As more consumers are turning to mobile, geomarketing is becoming increasingly essential for marketers. Columnist Andy Lombard explains why it should be a key part of your marketing strategy.
On average, we gaze at our smartphones around 220 times a day and pick up our devices a whopping 1,500 times a week. With some 2.1 billion smartphones now in use, it’s only natural that marketers would try to appeal to mobile-attentive consumers with personalized geolocation targeting and content localization.
Marketers initially used geolocation targeting primarily by asking consumers to “check in” at locations in exchange for special offers. In due time, entire businesses — think Uber and Tinder — sprang up around this technology, but there were a few stumbling blocks.
Nordstrom customers were famously creeped out in 2013 upon learning that its in-store Wi-Fi geolocation tracking service was analyzing their whereabouts for insights. And the city of London had to order UK startup Renew to stop tracking its citizens with high-tech trash cans. From these and other examples, marketers have learned to always announce their presence, keep it simple, and provide an easy opt-out option.
All Eyes On Geotargeting
In spite of these hiccups, consumers are increasingly comfortable existing within the Internet of Things, and marketers are conscientious about being less invasive and more helpful and transparent. The payoff, according to the Local Search Association, is that geotargeting doubles the performance of email campaigns and paid search, as evidenced by the click-through rate for geotargeted mobile display ads compared with the industry benchmark.
Many brands are now tweaking their national marketing campaigns on a store-by-store basis, localizing email blasts and regularly pushing out notifications about in-store promotions though multichannel and geolocation marketing. McDonald’s (disclosure: client), for example, is able to endear itself to its Chicago area customers by creating online and offline promotional offers related to the Chicago Bears. And in Phoenix, McDonald’s combines national English and Spanish advertising with local geolocation to direct consumers to its closest restaurant.
Starbucks has utilized geofencing, which is where you can set a virtual boundary around a specific location, like a store. Once they cross that set geofence, people with the Starbucks app receive a location-based notification highlighting a coupon or offer and reminding them there’s a Starbucks nearby. This kind of personalization inspires more engagement and brand loyalty and provides the ability for any business to make national campaigns hyperlocal.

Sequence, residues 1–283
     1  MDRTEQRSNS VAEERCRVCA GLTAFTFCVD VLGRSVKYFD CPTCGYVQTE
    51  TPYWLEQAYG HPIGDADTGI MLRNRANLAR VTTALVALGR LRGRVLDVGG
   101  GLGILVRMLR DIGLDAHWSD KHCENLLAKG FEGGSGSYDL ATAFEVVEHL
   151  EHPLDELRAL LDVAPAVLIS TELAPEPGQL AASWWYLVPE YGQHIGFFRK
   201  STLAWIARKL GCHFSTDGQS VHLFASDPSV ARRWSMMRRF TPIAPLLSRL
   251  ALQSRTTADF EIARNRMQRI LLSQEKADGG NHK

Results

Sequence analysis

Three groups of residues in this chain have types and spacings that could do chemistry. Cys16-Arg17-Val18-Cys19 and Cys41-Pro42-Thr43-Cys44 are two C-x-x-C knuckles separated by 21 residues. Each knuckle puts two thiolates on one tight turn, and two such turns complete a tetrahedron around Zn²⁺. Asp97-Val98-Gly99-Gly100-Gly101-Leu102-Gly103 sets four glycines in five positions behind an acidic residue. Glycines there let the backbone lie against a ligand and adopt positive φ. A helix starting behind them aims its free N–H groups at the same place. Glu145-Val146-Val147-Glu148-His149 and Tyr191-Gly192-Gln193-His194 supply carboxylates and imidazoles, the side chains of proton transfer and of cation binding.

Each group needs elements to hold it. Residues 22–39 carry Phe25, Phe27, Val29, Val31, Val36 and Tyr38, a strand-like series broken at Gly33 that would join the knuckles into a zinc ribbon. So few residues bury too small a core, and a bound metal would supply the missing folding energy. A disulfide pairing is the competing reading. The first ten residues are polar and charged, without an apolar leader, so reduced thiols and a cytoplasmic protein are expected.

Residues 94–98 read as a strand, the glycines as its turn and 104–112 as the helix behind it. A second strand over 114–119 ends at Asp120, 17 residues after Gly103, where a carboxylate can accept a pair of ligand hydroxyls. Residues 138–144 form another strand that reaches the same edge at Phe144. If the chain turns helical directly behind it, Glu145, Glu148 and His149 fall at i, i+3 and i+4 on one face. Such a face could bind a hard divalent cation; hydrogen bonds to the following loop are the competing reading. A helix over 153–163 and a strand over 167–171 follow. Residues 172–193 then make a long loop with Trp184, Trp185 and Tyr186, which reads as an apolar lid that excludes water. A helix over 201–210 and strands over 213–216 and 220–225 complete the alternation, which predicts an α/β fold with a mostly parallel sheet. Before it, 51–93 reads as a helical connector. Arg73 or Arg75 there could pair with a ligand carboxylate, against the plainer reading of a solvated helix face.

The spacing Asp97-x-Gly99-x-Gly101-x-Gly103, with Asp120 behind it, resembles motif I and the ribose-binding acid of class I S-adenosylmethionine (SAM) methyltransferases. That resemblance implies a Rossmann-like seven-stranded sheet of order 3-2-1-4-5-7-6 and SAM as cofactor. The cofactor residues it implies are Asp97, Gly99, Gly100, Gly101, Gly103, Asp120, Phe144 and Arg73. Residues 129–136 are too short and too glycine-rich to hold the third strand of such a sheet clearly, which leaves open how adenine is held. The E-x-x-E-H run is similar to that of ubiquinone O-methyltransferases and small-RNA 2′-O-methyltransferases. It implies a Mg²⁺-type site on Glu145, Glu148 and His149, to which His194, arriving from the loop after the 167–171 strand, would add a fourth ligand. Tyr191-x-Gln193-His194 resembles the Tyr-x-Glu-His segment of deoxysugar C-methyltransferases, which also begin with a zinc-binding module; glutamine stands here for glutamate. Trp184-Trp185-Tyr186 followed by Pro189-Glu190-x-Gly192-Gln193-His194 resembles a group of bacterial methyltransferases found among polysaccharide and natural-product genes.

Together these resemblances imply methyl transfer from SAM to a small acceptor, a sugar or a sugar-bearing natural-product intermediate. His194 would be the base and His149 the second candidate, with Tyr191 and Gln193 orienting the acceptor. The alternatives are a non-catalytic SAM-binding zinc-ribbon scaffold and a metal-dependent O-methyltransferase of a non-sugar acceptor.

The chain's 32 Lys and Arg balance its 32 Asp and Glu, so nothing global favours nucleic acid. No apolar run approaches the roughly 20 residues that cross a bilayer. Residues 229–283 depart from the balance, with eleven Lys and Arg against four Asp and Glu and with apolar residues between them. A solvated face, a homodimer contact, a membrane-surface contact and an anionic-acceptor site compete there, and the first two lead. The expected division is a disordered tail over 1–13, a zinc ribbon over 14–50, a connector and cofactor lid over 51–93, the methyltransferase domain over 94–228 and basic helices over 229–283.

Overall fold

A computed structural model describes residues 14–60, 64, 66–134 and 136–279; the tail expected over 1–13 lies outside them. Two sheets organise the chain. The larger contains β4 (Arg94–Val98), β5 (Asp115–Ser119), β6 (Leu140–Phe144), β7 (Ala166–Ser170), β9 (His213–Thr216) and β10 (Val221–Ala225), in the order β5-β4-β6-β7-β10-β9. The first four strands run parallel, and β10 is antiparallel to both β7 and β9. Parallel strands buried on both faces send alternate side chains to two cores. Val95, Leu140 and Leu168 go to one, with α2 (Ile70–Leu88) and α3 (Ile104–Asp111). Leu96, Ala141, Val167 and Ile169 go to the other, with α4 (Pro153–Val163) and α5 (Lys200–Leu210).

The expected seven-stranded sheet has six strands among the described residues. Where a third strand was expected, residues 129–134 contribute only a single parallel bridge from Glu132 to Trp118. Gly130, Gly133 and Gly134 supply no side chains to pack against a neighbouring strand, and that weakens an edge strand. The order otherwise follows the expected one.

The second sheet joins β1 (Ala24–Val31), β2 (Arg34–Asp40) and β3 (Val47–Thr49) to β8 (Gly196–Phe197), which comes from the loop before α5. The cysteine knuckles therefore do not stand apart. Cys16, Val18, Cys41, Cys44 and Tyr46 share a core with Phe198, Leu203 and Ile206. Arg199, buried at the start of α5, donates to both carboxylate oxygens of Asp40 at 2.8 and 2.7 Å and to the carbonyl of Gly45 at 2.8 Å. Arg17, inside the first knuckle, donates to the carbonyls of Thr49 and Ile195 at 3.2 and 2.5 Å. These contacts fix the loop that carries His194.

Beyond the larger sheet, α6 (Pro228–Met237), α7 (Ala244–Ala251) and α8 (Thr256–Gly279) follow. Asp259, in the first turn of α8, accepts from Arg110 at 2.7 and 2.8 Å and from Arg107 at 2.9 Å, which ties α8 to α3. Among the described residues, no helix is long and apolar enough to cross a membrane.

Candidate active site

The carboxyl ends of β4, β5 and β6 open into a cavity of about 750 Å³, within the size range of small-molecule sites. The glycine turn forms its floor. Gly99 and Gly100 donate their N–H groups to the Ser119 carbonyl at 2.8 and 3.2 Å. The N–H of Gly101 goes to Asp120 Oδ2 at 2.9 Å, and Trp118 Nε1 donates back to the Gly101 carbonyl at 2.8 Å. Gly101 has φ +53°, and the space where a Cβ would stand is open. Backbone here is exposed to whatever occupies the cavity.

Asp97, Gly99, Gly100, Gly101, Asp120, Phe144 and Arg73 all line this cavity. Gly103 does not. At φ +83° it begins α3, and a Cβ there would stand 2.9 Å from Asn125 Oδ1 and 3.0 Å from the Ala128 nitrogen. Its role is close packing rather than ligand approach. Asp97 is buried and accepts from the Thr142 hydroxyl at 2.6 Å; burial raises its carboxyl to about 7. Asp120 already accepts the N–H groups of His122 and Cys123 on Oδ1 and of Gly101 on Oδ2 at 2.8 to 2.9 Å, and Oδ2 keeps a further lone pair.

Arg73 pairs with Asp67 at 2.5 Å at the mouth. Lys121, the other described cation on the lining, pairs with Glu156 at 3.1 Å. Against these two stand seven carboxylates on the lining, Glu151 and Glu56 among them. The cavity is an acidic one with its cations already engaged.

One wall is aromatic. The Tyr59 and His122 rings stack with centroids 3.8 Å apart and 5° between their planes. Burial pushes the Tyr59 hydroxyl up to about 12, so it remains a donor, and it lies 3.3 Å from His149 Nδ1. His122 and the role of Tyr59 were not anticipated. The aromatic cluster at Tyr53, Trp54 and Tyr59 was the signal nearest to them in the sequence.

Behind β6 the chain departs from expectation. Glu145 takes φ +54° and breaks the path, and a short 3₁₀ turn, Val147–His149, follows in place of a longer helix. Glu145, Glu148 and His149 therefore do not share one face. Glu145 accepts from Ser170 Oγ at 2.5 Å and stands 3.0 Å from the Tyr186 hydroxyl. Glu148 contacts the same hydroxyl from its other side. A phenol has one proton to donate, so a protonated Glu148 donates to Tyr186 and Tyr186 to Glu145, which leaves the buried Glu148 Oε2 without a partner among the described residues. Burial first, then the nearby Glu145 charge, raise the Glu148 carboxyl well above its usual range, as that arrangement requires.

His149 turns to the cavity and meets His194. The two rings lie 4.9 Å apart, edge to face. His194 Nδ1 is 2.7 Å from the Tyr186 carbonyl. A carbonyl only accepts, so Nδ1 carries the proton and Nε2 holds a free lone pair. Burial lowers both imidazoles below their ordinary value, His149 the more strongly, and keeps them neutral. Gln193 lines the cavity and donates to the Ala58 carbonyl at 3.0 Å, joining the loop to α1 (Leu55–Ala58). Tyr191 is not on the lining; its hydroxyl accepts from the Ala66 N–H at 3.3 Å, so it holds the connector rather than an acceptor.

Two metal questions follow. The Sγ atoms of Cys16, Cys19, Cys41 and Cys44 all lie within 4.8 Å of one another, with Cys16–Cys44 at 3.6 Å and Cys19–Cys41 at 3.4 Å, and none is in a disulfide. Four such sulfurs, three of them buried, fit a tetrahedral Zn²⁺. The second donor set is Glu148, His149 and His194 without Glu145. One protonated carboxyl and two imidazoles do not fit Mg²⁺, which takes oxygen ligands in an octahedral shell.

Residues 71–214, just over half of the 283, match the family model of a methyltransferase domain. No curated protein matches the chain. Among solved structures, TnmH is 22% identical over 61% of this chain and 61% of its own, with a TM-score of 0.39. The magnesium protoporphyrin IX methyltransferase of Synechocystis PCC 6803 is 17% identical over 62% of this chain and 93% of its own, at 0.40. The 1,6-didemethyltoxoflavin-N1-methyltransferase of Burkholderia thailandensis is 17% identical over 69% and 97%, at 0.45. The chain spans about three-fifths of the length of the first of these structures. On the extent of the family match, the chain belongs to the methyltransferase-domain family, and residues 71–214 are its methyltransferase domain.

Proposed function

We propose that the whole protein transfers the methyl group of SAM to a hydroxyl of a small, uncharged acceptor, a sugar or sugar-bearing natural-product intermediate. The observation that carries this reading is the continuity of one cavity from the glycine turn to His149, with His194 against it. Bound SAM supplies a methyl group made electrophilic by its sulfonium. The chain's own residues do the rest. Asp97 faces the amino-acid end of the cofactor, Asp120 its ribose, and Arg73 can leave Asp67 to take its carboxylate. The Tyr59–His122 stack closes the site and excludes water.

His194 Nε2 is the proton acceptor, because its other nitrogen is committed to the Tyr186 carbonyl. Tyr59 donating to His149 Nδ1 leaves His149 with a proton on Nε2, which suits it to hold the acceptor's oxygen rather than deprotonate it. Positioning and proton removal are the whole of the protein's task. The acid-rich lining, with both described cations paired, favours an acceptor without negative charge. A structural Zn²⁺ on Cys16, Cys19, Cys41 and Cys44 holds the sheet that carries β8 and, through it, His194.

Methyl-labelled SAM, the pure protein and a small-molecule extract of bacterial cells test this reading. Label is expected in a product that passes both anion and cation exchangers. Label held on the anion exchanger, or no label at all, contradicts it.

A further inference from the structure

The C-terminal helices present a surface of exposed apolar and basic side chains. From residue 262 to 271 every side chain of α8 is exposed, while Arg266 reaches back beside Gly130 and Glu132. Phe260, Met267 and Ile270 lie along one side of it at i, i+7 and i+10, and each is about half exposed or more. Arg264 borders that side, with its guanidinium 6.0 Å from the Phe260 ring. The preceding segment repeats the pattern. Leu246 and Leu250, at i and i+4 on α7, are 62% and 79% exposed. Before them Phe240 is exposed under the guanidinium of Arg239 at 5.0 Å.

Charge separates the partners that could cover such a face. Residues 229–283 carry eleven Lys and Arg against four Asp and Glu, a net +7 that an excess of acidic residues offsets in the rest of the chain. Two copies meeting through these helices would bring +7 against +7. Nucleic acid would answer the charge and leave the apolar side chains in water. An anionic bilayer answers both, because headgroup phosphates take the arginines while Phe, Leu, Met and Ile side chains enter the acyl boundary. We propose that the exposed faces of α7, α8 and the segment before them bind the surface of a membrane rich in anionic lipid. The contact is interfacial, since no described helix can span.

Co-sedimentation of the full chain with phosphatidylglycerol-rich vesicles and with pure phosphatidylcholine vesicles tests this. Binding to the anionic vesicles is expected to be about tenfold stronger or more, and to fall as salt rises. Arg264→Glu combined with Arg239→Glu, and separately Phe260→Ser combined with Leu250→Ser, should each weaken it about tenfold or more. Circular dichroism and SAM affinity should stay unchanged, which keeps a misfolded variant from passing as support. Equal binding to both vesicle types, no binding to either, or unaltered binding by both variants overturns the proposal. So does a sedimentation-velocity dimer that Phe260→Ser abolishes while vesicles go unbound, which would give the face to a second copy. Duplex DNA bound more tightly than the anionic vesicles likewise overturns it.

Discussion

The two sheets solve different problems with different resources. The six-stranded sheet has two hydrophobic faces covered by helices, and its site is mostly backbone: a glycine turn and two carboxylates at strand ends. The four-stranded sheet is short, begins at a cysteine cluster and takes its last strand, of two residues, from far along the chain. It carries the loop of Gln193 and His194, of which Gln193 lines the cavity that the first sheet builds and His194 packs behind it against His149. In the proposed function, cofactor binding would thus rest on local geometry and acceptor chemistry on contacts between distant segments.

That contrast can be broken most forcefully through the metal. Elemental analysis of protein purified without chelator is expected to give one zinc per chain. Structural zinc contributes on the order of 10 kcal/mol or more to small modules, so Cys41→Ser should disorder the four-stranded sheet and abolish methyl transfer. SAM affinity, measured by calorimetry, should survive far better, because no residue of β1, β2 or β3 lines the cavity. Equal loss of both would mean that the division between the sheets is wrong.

What’s Ahead For Geolocation
As for where the geolocation market is headed, it’s growing ever more innovative and effective, thanks in part to the willingness of consumers. More than 50 percent of us now say we are willing to cough up our location information in exchange for coupons or loyalty points.
And as more people adopt smartphones, the value of geolocation targeting will only improve. Nearly two-thirds of Americans currently own a smartphone, per the Pew Research Center, and more than three-quarters of smartphone users access local content with their phones, as compared with 14 percent of non-smartphone users.
Certain industries, such as health care, are already very active in this space. However, geolocation technology has not reached its potential for widescale use — yet.
Each day, though, new players are trying their hand at geomarketing — finding surprising uses (Salatsurfing, the newly popular French app, lets Muslims find a place to pray) and employing novel tactics. For example, Ford dealerships are testing a marketing program that would send key info about a car directly to a consumer as they approach each model.
More and more national consumer packaged goods companies and retailers are feeling the pressure to implement marketing technology that targets consumers on a hyperlocal level, which is the next best thing to reaching them in-store, wallet in hand. After all, where a person is can be a pretty good indication of where they want to be and what they want to do. The organizations that meet them there by embracing the latest geolocation technology will have a huge advantage over their competitors.
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